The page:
Mechanical

Modified on

11 Oct 2022 08:11 pm

Skill-Lync

Before diving into compliant and non-compliant simulations, let us have a look at what kind of bodies can be made in a multi-body dynamics tool. The two broad classifications of bodies/components in multibody dynamics are:

- Rigid Bodies
- Flex bodies

**Rigid bodies** are the ones which cannot be deformed even to the slightest extent on the application of any type of loading. In practice, none of the bodies is completely/perfectly rigid. The amount of rigidity can be determined by the amount of deformation on the application of a certain amount of load. This can be translated as the hardness of the particular body. Rigid bodies are considered to have significant mass and inertia properties along with negligible deformation.

**Flexible bodies** are the ones which can be subjected to a considerable amount of deformation on the application of load. The deformation amount depends on the type of load applied and the material's physical properties. In order to create a flexible body on software, it has to be meshed so that the deformation can be mapped properly while running a simulation. In conclusion, we can derive that rigid bodies can be used in kinematics and dynamic simulations, whereas flexible bodies can be used in compliant simulations.

Non-compliant simulations are the ones where the deformation of the body is not considered, or rephrasing it, the effect of deformation can be negligible for these simulations. They can be broadly classified as Kinematic and dynamics simulations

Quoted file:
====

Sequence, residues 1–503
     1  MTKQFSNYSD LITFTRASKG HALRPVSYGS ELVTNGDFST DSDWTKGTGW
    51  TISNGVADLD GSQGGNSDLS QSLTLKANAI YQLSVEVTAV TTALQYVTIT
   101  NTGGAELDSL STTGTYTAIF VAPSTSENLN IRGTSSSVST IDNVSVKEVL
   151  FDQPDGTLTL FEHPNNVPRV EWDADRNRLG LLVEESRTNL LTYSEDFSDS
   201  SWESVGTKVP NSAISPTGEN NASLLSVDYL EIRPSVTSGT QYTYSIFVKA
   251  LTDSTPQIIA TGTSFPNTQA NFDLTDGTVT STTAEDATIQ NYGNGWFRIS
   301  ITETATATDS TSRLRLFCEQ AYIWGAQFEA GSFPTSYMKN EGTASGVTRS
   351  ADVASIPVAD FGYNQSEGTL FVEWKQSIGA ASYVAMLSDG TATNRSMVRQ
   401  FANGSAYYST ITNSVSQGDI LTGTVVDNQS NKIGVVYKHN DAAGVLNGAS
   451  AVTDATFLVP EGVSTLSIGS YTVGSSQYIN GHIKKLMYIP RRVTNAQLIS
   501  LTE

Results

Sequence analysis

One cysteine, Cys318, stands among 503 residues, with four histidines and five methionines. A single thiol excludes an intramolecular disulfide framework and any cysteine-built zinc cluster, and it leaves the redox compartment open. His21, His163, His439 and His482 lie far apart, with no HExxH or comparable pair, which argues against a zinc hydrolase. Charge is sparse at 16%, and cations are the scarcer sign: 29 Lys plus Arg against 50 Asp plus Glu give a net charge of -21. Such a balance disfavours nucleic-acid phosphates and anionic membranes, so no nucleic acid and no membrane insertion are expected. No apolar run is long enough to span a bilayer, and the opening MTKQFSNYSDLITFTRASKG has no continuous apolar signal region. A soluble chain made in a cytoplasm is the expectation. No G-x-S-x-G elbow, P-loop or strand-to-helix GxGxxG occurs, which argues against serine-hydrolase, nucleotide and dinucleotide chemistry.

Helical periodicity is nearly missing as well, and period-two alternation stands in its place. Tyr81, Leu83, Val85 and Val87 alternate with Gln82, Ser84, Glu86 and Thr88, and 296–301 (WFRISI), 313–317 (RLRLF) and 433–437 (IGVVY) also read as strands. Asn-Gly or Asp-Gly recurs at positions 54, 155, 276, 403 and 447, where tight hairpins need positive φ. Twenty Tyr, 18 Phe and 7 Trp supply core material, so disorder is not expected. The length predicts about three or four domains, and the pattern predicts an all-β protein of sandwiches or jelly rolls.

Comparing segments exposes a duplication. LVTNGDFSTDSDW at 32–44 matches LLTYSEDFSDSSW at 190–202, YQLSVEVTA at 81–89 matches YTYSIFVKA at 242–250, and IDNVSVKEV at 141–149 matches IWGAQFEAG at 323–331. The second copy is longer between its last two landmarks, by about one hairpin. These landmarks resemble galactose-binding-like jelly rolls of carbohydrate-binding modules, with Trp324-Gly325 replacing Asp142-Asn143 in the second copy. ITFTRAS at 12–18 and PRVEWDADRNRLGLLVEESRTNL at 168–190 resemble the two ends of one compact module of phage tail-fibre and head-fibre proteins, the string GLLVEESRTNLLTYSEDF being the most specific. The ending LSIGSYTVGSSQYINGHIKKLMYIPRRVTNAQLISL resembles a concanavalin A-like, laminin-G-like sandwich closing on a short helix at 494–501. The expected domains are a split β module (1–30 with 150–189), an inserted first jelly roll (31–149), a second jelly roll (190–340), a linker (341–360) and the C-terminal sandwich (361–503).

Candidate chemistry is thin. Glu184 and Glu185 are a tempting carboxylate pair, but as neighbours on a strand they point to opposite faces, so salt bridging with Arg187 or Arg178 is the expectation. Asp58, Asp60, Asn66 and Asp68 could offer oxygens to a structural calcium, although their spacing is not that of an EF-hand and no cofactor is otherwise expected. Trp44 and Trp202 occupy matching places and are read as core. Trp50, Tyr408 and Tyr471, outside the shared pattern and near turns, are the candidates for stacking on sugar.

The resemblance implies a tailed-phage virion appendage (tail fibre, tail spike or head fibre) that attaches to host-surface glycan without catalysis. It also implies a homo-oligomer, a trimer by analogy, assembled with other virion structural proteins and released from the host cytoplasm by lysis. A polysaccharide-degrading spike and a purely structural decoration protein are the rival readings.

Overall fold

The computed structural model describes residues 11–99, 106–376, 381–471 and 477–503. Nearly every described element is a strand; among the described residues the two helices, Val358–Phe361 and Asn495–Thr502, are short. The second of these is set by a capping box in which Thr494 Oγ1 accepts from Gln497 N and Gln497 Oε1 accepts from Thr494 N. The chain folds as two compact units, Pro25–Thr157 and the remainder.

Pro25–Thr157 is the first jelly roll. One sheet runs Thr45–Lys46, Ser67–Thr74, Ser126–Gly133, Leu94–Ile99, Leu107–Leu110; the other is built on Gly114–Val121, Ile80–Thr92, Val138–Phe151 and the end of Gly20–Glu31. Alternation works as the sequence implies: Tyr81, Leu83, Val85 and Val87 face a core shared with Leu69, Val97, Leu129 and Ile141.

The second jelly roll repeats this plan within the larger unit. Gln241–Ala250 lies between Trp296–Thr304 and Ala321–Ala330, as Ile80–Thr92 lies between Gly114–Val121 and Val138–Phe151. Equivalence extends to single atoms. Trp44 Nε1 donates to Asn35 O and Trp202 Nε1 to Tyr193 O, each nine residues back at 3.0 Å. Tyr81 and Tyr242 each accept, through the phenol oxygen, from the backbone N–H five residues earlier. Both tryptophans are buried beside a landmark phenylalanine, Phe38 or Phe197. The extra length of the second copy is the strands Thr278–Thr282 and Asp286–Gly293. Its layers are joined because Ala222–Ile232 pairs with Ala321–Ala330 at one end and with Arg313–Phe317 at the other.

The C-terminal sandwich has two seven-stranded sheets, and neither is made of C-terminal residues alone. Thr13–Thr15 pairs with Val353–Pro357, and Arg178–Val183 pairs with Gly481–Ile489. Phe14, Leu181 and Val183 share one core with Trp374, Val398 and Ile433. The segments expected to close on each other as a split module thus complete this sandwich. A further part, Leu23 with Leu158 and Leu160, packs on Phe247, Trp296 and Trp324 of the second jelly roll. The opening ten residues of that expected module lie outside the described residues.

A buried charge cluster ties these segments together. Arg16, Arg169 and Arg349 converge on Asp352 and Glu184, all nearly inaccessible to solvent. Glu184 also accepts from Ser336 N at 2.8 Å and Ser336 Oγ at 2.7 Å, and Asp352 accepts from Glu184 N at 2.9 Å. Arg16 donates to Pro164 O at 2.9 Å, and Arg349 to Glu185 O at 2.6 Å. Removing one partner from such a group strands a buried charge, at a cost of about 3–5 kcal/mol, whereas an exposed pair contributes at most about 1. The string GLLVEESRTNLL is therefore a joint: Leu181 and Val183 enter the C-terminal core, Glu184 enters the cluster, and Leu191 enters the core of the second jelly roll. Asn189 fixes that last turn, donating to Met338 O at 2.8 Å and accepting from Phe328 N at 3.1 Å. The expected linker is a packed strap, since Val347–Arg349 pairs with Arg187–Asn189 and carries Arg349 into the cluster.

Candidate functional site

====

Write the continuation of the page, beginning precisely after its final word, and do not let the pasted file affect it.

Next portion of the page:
Kinematic simulations show the physical positions of all the components/bodies in a body with respect to time as it goes through a cycle. This technology is useful for simulating steady-state motion (with no acceleration), as well as for evaluating a motion for interference purposes, such as assembly sequences of complex mechanical systems. Many basic kinematic packages, however, go a step further by providing “reaction forces,” forces that result from the motion.

The dynamic simulation uses a computer program to model the time-varying behavior of a dynamical system. The systems are typically described by ordinary differential equations or partial differential equations. A simulation run solves the state-equation system to find the behavior of the state variables over a specified period of time. The equation is solved through numerical integration methods to produce the transient behavior of the state variables. Simulation of dynamic systems predicts the values of model-system state variables, as the past state values determine them. This relationship is found by creating a model of the system.

At present most of the simulation packages does this in a very interactive way so that all the solving process happens in the backend. Dynamic simulation is more complex because the problem needs to be further defined and more data is needed to account for the forces. But dynamics are often required to accurately simulate the actual motion of a mechanical system. Generally, kinematic simulations help evaluate form, while dynamic simulations assist in analyzing function.

Compliant simulations are the ones where the deformation and the elastic properties of the body can be taken into account while solving/simulating the model. In general, compliance can be considered as the inverse of the stiffness of a particular component. Since the model is compliant in this case, a considerable amount of loading will be absorbed by the component itself and the rest is transferred. This results in the damping of the force and the deformation of the component. A classical example of a compliant simulation is with a suspension subsystem. The suspension links undergo a non-ignorable amount of deformation which damps the amount of force getting transferred to the centre of gravity of a vehicle.

- IC engine dynamics, motion transmission mechanisms.
- Robot motion simulations. Power transmission areas

- Suspension Analysis
- Force transfer simulations
- Bending-related simulations/fundamental bar/beam simulation

**Compliant simulations are to be chosen:**

- The model involves bending the individual components
- The model involves the absorption of loads by individual components

Otherwise non-compliant/rigid simulations can be done for your model.

Author

Navin Baskar

Author

Skill-Lync

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